Adsorption, Desorption, and Chemical Reactions in the Particulate Matter
Collected on Air Filters and Ducts
Principal investigator: Prof. Pentti Kalliokoski, Department of Environmental Sciences, University of Kuopio, e-mail: email@example.com
Even though air handling systems are intended to improve indoor air quality and climate, they have often become major sources of odorous compounds. The filter has usually been the main cause of sensory pollution, and its emission has increased with time. Dirty ducts and coils have also remarkable odor emissions. Already the new ducts are often heavily contaminated with processing oil residues and with dirt accumulated during storage and construction period of the building. On the other hand, it has been found that the sum of the odors released from various components may not be in good agreement with the perceived emission from the whole system. Adsoption and desorption processes between accumulated particulate impurities and gaseous pollutants seem to play an important role for the final air quality. In addition, chemical reactions between oxidizing pollutants, such as ozone, and the organic pollutants adsobed on particles have been suggested to occur and to further deteriorate the air quality.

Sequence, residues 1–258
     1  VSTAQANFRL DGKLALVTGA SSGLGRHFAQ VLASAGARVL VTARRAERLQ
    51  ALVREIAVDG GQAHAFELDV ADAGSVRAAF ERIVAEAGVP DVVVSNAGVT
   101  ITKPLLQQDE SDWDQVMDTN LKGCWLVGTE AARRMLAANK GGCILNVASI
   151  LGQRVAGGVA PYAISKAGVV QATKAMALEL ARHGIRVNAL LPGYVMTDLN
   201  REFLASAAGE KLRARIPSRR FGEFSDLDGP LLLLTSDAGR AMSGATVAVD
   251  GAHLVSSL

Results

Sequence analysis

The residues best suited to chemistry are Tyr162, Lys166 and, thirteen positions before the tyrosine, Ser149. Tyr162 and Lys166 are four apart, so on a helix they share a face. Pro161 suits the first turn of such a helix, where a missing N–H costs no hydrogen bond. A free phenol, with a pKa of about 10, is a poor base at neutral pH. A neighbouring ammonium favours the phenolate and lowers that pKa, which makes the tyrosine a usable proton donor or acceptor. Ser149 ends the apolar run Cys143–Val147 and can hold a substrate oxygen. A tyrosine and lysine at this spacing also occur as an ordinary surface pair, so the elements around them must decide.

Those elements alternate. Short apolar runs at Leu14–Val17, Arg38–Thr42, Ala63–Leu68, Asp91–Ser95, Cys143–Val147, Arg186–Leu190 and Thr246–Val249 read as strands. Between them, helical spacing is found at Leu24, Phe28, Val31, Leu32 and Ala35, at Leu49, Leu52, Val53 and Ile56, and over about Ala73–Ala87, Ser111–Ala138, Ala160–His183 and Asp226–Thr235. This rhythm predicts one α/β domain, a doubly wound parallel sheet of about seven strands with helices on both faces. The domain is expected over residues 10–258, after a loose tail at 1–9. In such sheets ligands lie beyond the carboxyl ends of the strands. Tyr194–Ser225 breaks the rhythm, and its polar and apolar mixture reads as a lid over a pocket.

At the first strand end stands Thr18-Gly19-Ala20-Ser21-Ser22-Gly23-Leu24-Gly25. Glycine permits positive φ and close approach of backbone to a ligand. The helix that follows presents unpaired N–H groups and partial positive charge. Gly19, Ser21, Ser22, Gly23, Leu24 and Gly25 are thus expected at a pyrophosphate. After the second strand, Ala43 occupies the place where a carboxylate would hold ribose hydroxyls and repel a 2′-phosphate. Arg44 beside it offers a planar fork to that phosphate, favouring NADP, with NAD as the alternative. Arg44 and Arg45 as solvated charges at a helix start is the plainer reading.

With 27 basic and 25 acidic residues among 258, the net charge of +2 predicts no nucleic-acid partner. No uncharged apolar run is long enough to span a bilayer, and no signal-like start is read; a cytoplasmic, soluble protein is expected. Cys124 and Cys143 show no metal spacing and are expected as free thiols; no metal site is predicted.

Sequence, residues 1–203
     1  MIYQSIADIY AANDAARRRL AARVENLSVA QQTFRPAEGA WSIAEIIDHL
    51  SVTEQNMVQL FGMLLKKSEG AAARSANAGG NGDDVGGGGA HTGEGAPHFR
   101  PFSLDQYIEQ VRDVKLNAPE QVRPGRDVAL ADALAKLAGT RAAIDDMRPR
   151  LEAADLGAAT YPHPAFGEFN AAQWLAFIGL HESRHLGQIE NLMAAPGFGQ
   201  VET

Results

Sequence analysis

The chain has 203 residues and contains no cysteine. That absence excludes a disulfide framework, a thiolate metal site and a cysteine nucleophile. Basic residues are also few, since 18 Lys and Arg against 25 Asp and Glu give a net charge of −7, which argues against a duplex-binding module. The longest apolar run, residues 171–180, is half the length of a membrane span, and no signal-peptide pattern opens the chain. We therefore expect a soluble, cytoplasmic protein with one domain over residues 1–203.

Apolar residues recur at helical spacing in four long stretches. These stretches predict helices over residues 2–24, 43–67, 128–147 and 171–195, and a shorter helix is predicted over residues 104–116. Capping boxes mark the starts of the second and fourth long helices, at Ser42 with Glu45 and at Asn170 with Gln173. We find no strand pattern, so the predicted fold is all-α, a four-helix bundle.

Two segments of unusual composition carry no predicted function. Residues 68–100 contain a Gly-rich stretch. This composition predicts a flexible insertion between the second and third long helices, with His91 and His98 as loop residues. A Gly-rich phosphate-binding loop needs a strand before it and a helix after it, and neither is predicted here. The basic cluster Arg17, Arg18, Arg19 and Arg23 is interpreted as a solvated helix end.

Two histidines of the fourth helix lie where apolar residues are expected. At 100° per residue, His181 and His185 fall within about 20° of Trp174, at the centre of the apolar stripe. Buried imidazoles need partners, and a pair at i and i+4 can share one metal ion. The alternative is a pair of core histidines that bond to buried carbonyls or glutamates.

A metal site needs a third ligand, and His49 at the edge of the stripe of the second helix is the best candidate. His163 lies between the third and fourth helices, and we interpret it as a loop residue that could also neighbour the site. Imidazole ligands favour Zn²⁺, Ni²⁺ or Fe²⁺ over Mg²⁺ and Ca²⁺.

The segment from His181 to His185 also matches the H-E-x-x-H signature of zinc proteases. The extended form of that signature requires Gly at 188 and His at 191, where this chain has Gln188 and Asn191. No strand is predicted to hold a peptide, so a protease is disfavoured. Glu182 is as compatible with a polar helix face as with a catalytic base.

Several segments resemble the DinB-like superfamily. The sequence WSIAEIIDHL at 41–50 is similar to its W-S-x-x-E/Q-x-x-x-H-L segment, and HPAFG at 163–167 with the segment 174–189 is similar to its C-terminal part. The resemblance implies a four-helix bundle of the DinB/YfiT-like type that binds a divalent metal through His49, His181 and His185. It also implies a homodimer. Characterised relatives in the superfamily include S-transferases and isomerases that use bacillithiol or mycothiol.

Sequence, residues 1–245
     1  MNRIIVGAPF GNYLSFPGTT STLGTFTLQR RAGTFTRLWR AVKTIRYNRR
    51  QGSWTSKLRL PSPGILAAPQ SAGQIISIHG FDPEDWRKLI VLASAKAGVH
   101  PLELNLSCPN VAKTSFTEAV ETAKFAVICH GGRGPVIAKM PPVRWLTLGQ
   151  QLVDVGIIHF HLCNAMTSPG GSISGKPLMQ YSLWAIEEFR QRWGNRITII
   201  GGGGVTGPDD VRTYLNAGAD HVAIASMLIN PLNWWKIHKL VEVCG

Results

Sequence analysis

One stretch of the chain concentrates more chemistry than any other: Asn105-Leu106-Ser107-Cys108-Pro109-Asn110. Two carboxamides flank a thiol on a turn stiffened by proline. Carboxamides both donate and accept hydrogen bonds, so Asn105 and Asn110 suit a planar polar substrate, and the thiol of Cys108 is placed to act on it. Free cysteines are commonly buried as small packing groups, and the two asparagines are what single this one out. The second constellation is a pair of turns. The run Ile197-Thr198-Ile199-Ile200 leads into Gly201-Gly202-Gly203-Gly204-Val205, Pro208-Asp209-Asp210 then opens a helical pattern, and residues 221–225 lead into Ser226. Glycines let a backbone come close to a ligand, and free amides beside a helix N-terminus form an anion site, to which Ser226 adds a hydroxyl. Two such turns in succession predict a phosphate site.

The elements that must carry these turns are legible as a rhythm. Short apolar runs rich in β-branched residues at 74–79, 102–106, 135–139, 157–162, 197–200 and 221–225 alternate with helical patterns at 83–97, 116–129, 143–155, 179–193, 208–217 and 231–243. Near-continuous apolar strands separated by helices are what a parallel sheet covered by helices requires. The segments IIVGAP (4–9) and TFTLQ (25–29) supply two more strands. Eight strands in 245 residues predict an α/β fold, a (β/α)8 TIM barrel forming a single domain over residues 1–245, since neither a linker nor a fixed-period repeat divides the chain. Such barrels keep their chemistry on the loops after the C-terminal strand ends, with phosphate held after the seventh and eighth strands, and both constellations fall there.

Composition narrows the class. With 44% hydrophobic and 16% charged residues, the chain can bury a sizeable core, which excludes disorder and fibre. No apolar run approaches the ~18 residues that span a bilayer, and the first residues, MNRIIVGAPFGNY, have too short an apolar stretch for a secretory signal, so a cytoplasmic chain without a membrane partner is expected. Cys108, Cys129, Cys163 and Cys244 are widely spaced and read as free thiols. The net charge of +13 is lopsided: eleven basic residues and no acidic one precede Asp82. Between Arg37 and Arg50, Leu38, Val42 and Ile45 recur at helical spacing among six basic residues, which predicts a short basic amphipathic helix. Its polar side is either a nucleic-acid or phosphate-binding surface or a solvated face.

In this study, the adsorption and desorption properties of dust collected on filters and other parts of the air handling units are investigated. Especially, the significance of adsorption and desorption phenomena on air quality is considered. The data are also used to model the interactions between particulate matter and gaseous compounds. The chemical reactions will be studied. The ultimate aim is to prepare guidelines for cleaning and maintenance.
Dust samples will be collected from office buildings locating in downtown areas of Helsinki and Kuopio. For comparison, samples will also be collected from buildings in clean suburban area in Kuopio. The properties, such as spesific surface area, density, carbon content, and carbon/nitrogen-ratio, affecting the adsorption/desorption properties will be determined. Used air filters will be installed into a laboratory scale air handling unit for further studies. The gaseous compounds that will be investigated include the common volatile organic compounds belonging to aliphatic hydrocarbons, aldehydes, terpenes, and aromatic compounds. In addition to the physico-chemical properties, the odor emissions from the dust samples and the effects of ozone will be determined.